Cooking Disaster Class – Heston’s Chilli Con Carne

Since we finished our kitchen renovations a couple of months ago, I’ve had the intention of spending most of the Christmas break cooking. So what would be a suitable dinner for the middle of a run of 40C days? – chilli con carne, of course. In the past I’ve used a quick recipe from Nigella Express, but I wanted to try something new (and use the new cast iron pot I picked up in the boxing day sales) so I hit the web and found this interesting recipe from Heston Blumenthal on the website of upmarket UK supermarket chain Waitrose.


Recipe: Heston’s rich chilli con carne with spiced butter

Serves: 4


  • For the chilli:
  • 6 tbsp olive oil
  • 450g Aberdeen Angus minced beef (10% fat) (I used premium supermarket beef mince)
  • 1 large onion, diced
  • 2 whole star anise
  • 3 cloves garlic, peeled and crushed
  • 1 green chilli, deseeded and diced
  • 2 tbsp tomato purée
  • Half a bottle of red wine (375ml)
  • 400g can chopped tomatoes
  • 500ml beef stock
  • 400g can red kidney beans, drained and rinsed
  • 230g jar Fragata Pimiento Piquillo peppers, drained and roughly chopped (I used roughly half of the jar below that I found in my local supermarket. These also come in a hot variety which I suspect would have been better.)


  • For the spiced butter:
  • 2 tbsp olive oil
  • 1½ tsp ground cumin
  • 1 tsp chilli powder
  • 1½ tsp smoked paprika
  • 1 tsp tomato ketchup
  • ½ tsp Worcestershire sauce
  • ½ tsp Marmite (I was born in England so always have this in the pantry; no doubt Vegemite would work instead)
  • 125g butter, softened to room temperature
  • To serve:
  • 100g sour cream
  • 60g Cheddar cheese, grated
  • Grated zest and juice of 3 limes


  1. Start by making the spiced butter. Heat the olive oil in a frying pan and lightly fry the cumin and chilli powder for approximately 1½ minutes. Pour into a bowl and add the rest of the spiced butter ingredients; mix together and once cool, place in the fridge until needed. (I was expecting some nice looking butter, much like when you mix it with herbs; instead it looked like a Christmas present from our cat, Buster) 


  2. Add 3 tbsp olive oil to a large sauce pan and heat over a high heat until smoking hot. Add the mince, in batches if necessary, and cook until evenly browned. Remove and drain the meat. Add a little water to the same pan to deglaze it and tip the water and bits in with the drained meat so none of the flavour is lost.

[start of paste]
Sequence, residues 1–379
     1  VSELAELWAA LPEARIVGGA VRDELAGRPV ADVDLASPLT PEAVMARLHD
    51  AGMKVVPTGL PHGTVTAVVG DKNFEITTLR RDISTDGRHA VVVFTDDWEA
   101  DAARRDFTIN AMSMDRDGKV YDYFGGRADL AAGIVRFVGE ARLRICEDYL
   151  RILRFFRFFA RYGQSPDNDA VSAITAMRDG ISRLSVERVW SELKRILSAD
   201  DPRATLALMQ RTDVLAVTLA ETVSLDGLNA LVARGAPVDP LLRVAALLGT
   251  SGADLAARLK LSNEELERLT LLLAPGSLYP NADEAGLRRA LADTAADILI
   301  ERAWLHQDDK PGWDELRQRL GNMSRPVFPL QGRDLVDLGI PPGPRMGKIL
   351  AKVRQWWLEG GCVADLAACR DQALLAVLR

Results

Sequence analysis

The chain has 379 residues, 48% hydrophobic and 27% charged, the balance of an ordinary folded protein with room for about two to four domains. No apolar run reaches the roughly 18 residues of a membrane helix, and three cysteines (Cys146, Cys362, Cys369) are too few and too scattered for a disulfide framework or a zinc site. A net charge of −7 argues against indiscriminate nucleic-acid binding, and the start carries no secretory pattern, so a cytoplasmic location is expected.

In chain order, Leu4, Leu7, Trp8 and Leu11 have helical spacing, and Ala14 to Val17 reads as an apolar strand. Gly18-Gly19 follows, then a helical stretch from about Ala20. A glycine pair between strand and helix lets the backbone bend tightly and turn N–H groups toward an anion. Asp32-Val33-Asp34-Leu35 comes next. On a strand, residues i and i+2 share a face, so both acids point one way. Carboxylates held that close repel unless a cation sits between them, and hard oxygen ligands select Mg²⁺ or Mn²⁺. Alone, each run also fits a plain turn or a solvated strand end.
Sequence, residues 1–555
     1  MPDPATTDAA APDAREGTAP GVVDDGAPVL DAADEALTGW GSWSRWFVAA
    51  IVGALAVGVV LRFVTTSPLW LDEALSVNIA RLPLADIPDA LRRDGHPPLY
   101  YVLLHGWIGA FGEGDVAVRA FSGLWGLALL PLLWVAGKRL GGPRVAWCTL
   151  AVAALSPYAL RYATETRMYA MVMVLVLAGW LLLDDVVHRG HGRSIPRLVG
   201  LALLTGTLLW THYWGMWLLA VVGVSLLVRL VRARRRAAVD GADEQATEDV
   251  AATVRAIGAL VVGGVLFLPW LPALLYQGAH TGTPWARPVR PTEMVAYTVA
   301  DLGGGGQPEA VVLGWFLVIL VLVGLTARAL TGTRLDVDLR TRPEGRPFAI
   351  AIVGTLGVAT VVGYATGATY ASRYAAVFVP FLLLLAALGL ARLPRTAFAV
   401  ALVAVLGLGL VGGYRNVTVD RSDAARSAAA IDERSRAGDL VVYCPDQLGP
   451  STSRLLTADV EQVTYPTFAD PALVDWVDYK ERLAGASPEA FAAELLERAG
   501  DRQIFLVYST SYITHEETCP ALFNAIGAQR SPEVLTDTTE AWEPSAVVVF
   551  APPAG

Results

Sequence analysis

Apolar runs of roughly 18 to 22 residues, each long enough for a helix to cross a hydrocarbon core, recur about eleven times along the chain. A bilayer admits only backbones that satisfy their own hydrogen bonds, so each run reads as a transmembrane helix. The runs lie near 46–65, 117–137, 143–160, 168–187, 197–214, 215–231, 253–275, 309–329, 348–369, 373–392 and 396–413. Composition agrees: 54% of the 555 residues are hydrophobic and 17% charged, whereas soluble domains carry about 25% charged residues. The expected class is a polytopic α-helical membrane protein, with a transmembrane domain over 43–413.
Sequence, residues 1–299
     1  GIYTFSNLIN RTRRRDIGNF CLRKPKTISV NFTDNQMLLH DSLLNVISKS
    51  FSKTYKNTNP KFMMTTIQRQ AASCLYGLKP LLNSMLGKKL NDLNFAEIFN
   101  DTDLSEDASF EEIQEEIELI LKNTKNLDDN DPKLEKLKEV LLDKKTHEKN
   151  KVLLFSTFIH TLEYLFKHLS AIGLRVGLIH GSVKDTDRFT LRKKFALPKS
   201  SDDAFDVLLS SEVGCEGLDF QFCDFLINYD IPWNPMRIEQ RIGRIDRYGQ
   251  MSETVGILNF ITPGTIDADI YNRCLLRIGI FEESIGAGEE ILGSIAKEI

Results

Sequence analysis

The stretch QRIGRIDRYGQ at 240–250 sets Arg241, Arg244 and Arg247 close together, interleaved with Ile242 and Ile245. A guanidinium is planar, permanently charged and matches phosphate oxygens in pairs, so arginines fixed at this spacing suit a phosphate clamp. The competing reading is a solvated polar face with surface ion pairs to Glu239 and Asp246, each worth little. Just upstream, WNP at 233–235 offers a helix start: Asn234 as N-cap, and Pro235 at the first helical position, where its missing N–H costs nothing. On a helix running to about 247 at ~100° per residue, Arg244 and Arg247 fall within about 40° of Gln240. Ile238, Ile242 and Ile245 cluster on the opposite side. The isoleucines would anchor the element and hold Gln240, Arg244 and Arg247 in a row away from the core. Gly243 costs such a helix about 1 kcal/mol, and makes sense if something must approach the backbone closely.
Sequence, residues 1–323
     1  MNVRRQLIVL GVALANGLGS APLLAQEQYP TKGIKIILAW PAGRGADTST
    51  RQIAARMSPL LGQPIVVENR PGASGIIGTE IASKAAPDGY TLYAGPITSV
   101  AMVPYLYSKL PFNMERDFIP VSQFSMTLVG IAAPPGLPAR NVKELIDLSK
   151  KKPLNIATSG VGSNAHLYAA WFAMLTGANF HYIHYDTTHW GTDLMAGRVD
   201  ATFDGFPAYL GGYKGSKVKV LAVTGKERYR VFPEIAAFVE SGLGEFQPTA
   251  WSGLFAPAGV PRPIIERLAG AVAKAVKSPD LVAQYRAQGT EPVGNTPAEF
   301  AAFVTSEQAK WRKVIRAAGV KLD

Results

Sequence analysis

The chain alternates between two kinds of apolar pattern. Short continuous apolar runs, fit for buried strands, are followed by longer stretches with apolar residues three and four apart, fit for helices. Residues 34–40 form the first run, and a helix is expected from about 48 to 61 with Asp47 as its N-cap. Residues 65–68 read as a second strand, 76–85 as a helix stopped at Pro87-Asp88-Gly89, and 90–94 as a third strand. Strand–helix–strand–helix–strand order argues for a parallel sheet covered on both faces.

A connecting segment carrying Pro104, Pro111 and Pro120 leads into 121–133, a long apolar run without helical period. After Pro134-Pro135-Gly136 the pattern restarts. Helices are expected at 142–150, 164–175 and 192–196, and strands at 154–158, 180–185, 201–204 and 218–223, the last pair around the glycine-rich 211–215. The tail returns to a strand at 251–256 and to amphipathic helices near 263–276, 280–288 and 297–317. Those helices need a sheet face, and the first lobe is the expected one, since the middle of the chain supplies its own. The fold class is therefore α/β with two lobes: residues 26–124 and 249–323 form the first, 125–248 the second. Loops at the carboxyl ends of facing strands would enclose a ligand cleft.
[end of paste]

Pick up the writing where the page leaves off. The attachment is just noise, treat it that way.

3. Turn the heat down to medium and add the remaining olive oil. Add the onions and star anise and cook until the onions begin to colour, then add the garlic and green chilli and cook for another 5 minutes.
  4. Add the tomato purée, stir and cook for another 5 minutes until everything turns a brick red colour. Add the browned mince and juices, pour in the red wine and allow to reduce by two-thirds. Add the tomatoes and stock and simmer over a low heat for at least 1 hour or until it has reduced to a thick sauce consistency.
  5. Fold the beans and chopped red peppers into the chilli and simmer until they are heated through. Stir in 2½ tbsp of the spiced butter for mild-medium heat (or more if you like it hotter). Remove the star anise. Season with salt and freshly cracked black pepper and serve with rice. (Here’s how my finished chilli looked; I had to cook it for over 1½ hours to reduce it enough). 


  6. Heston recommends: Put the remaining spiced butter, the lime zest and juice into three separate bowls on the table alongside the cheese and soured cream, so everyone can add their own seasonings to their portion of chilli.

The chilli didn’t taste that amazing by itself, but adding the butter and accompaniments (particularly cheese & sour cream) brought it to life and I was really pleased with the end result. We ate it with corn chips and I also made a quick guacamole (avocado, red onion, red chilli, lime juice, salt & pepper).

Although it’s a little fiddly and quite time consuming (this took me 2½ hours from start to finish), being able to choose how much butter to add means that each diner can adjust the chilli to their desired level of spicy-ness – great if you have kids or a partner who doesn’t like it hot (alas no Devil Tears or Death Sauce this time around!) Comments on the Waitrose forum point to this recipe as being better than Heston’s, and I’m going to try that one next time.

(recipe copyright © Heston Blumenthal 2010, reproduced from the Waitrose website)


About the author


Martin was born in England but now lives in Perth, Western Australia. He has a passion for breakfast, coffee, hot curries & fast food, and is a cat & Dalek person.

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